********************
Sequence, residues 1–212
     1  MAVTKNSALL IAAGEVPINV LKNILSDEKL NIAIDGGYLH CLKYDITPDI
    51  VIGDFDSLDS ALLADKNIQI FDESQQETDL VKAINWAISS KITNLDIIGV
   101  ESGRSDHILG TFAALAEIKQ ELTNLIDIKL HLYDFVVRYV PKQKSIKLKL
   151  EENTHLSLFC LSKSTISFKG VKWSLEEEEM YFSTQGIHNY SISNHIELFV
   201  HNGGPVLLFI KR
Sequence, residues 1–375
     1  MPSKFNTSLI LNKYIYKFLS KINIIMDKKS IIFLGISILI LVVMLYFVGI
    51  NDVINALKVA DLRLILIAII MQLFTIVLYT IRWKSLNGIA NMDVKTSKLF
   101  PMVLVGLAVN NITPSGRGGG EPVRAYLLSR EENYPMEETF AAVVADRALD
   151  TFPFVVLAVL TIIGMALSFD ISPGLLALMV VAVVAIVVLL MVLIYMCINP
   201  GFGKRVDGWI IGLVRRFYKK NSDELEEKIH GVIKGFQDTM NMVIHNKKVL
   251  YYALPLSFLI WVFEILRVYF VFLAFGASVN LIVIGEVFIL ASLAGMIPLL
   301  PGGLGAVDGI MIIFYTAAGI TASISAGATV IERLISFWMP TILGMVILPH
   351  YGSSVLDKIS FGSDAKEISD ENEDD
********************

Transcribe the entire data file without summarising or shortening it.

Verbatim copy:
Sequence, residues 1–212
     1  MAVTKNSALL IAAGEVPINV LKNILSDEKL NIAIDGGYLH CLKYDITPDI
    51  VIGDFDSLDS ALLADKNIQI FDESQQETDL VKAINWAISS KITNLDIIGV
   101  ESGRSDHILG TFAALAEIKQ ELTNLIDIKL HLYDFVVRYV PKQKSIKLKL
   151  EENTHLSLFC LSKSTISFKG VKWSLEEEEM YFSTQGIHNY SISNHIELFV
   201  HNGGPVLLFI KR
Sequence, residues 1–375
     1  MPSKFNTSLI LNKYIYKFLS KINIIMDKKS IIFLGISILI LVVMLYFVGI
    51  NDVINALKVA DLRLILIAII MQLFTIVLYT IRWKSLNGIA NMDVKTSKLF
   101  PMVLVGLAVN NITPSGRGGG EPVRAYLLSR EENYPMEETF AAVVADRALD
   151  TFPFVVLAVL TIIGMALSFD ISPGLLALMV VAVVAIVVLL MVLIYMCINP
   201  GFGKRVDGWI IGLVRRFYKK NSDELEEKIH GVIKGFQDTM NMVIHNKKVL
   251  YYALPLSFLI WVFEILRVYF VFLAFGASVN LIVIGEVFIL ASLAGMIPLL
   301  PGGLGAVDGI MIIFYTAAGI TASISAGATV IERLISFWMP TILGMVILPH
   351  YGSSVLDKIS FGSDAKEISD ENEDD